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Bob Dylan - Together Through Life (2009)

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Bob Dylan - Together Through Life (2009)

01. Beyond Here Lies Nothin' 
02. Life Is Hard 
03. My Wife's Home Town 
04. If You Ever Go To Houston 
05. Forgetful Heart 
06. Jolene 
07. This Dream Of You 
08. Shake Shake Mama 
09. I Feel A Change Comin On 
10. It's All Good
11. Bob Dylan – Theme Town Radio Hour (interview recorded in studio b)

    Bob Dylan – guitar, keyboards, vocals
    Mike Campbell – guitar, mandolin
    David Hidalgo – accordion, guitar
    Donnie Herron – steel guitar, banjo, mandolin, trumpet
    Tony Garnier – bass guitar
    George Recile – drums


In “Together Through Life,” the latest missive issued from his woodshed out in Malibu, the bard of America calls up some obvious influences. Bob Dylan has said this album was inspired by midcentury Chess and Sun label recordings, and indeed, the hearty ghosts of Muddy Waters and Howlin' Wolf stomp through most tracks, with Doug Sahm and Edith Piaf stopping in for a dance or two. But John Bunyan? Leave it to Dylan to pull up some really old roots.

Bunyan's 1679 "A Treatise of the Fear of God" may or may not be the inspiration for "Forgetful Heart," the most ominous song on this mostly romping collection. Dylanologists, such as the historian Sean Wilentz, have noted that "the fourth part of the day" that Dylan gently intones about in "I Feel a Change Coming On" refers to an Old Testament passage (Nehemiah 9:3, for the curious) about penitence and paying Heaven its due.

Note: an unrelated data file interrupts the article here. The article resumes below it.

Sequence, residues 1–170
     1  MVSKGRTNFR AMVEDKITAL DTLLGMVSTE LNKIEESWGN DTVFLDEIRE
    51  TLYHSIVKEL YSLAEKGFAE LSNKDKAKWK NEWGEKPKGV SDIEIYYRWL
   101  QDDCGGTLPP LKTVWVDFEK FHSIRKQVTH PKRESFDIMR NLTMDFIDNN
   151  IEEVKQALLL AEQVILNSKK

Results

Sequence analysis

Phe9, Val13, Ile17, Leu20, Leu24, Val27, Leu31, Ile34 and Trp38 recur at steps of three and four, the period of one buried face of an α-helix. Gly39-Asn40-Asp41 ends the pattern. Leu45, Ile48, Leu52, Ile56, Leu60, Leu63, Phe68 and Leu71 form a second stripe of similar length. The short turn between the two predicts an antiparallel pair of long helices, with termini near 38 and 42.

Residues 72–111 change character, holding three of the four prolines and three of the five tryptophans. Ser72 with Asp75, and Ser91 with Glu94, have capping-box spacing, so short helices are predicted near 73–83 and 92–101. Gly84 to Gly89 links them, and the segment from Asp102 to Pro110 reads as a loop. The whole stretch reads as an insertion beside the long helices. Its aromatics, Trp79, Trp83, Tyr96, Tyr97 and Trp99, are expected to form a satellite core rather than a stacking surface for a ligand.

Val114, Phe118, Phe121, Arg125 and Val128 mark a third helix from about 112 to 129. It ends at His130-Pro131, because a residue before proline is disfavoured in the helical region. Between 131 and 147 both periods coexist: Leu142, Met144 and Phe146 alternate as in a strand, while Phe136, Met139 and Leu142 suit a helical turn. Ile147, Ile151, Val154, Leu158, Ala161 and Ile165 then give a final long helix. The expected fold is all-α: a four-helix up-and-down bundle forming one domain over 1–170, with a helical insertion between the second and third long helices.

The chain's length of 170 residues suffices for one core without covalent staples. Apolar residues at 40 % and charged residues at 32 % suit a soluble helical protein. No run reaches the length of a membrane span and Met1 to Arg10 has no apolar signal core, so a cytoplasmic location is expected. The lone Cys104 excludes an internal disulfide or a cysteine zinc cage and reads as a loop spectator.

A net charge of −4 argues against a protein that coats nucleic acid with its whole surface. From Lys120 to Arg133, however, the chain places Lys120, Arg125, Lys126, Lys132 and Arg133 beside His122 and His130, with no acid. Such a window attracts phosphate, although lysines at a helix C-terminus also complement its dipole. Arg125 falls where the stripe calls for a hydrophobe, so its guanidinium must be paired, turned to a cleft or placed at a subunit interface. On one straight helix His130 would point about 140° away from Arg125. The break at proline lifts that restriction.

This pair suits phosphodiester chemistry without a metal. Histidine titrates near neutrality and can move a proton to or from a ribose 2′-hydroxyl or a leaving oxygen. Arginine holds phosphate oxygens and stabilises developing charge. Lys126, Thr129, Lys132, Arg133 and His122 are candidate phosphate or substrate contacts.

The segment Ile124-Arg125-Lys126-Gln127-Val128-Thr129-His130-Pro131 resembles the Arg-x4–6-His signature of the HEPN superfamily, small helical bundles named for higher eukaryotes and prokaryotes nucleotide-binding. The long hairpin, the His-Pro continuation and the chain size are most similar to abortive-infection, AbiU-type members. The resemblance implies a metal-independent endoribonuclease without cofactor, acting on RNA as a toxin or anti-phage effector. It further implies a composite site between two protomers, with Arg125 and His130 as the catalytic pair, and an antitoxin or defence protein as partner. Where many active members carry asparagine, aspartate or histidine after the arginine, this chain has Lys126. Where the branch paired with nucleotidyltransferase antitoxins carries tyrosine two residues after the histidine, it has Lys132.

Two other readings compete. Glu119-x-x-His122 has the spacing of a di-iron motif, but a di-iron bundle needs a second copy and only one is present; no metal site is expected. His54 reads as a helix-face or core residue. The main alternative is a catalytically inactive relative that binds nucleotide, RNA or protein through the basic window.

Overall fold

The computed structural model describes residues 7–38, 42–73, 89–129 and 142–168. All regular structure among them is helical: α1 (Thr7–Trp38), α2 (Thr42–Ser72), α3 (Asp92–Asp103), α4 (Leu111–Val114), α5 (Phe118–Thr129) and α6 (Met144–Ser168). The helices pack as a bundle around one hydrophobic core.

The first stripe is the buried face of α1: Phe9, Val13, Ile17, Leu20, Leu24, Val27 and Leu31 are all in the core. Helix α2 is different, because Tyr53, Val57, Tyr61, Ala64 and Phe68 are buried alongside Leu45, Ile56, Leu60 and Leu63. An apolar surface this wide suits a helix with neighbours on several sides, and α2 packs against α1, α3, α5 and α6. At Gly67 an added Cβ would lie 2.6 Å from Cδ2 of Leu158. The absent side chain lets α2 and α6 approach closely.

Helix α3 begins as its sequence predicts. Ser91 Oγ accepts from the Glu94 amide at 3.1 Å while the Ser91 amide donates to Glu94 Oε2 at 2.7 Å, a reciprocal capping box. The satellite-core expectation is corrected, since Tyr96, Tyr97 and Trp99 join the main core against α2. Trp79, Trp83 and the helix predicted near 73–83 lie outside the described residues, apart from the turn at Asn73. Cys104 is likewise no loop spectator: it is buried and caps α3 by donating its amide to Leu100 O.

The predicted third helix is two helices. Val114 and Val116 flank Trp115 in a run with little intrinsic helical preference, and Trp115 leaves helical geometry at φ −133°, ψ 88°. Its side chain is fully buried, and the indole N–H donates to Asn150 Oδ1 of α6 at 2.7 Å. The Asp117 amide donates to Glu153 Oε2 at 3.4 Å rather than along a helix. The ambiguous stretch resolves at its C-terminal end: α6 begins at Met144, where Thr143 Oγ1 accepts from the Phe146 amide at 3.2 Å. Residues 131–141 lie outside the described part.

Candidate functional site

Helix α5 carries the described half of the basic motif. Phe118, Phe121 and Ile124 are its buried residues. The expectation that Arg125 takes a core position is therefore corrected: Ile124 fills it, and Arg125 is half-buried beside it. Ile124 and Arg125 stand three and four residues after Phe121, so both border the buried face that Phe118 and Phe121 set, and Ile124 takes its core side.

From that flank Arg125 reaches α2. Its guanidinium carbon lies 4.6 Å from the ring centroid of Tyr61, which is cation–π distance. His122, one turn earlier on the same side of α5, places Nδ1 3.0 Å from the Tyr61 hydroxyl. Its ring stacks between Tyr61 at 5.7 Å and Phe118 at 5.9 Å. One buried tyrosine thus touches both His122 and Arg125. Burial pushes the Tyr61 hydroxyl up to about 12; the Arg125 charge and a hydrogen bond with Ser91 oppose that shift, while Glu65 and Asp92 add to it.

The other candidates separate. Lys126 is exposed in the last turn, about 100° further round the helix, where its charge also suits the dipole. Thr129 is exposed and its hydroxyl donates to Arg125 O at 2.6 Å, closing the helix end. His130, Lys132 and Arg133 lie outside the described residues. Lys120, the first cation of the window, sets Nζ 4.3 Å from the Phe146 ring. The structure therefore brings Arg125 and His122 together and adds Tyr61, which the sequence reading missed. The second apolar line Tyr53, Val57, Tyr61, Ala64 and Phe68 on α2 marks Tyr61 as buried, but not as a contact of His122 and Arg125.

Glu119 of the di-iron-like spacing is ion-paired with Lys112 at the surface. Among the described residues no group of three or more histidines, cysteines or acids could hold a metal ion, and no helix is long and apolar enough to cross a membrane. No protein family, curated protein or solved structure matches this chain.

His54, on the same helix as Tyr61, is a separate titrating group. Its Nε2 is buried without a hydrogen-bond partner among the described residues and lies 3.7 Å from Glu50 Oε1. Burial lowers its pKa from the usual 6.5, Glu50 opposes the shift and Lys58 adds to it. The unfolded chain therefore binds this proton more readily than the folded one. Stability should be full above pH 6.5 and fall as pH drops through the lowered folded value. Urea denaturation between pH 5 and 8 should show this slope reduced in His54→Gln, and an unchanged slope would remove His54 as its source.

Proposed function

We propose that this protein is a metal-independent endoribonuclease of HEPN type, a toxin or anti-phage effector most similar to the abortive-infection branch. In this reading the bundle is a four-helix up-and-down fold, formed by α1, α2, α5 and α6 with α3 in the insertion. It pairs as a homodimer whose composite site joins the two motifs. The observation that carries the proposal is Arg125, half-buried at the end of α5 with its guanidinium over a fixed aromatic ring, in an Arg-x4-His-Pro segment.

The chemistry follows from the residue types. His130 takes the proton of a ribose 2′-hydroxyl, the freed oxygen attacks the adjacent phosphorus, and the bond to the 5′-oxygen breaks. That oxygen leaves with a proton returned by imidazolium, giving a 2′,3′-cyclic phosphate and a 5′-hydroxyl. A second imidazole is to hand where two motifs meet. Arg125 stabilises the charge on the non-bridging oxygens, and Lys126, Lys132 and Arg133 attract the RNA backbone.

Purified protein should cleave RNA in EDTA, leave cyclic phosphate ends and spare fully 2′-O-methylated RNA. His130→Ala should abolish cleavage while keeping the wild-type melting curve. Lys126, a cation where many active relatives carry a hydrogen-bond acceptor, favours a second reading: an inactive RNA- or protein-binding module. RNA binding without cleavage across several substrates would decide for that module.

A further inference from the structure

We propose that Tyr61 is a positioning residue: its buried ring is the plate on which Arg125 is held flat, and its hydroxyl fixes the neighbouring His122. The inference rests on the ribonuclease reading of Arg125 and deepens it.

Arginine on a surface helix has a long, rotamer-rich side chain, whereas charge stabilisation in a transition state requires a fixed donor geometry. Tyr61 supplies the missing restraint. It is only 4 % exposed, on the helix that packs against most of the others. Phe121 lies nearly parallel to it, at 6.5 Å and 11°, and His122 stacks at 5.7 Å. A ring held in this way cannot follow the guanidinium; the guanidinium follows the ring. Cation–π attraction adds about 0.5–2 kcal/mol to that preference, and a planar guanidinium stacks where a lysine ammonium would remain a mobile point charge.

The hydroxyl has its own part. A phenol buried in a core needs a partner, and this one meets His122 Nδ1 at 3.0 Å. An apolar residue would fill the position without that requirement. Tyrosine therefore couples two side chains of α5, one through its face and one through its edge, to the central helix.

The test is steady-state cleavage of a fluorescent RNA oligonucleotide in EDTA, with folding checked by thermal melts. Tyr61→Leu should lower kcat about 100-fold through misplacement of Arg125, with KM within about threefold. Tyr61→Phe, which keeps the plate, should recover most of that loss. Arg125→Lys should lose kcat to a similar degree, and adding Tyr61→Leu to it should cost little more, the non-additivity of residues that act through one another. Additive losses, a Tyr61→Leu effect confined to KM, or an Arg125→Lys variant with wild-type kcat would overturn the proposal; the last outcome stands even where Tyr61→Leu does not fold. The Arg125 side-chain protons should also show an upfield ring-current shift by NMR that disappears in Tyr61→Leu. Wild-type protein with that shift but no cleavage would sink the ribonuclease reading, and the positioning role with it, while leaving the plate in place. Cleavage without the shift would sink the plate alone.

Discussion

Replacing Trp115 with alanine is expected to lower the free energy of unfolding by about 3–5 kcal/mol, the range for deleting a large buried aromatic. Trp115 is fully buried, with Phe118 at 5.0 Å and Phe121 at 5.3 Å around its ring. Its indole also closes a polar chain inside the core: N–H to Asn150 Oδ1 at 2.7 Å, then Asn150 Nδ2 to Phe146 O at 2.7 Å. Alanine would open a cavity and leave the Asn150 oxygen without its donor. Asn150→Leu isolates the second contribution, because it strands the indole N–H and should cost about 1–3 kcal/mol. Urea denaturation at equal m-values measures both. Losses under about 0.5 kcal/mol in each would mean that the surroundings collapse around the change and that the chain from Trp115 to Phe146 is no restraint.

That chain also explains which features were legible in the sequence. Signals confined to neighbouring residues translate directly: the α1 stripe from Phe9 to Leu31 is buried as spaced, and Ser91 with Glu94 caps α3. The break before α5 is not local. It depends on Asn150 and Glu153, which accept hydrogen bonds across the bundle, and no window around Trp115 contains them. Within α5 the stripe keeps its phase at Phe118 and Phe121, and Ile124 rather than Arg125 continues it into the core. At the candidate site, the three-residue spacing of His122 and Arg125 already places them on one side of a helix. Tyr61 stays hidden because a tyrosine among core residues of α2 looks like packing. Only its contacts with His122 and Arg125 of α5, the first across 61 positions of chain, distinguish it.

Chasing allusions is half the fun of listening to Dylan's music. On "Together Through Life," the other half involves plainer pursuits, shaking a tail feather and shouting along.

Both tossed off and carefully designed to feel that way, "Together Through Life" was recorded with cronies including Tom Petty's longtime guitarist Mike Campbell and Los Lobos co-founder David Hidalgo, whose Creole-Latino accordion playing sets the mood throughout. Dylan's lyrics employ the old blues technique of finding the soul in the jellyroll -- using tales of love and sex to get to deeper matters of mortal bondage and spiritual transcendence.

It's a trick he's used throughout his career, but here his touch is particularly light.

With such titles as "Shake Shake Mama" and "It's All Good," some feel a little hackneyed at first. Repeated listening peels off the layers, but Dylan's singing, especially frog-ified to pay tribute to the "raw" in early rock, reminds us to not get too serious. "It's all good," Dylan says while documenting the apocalypse in the roadhouse stomp that closes the album.

Take this old bluesman any way you want to, baby, and be glad he's still here.--- Ann Powers, latimesblogs.latimes.com

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Last Updated (Monday, 11 July 2016 08:13)


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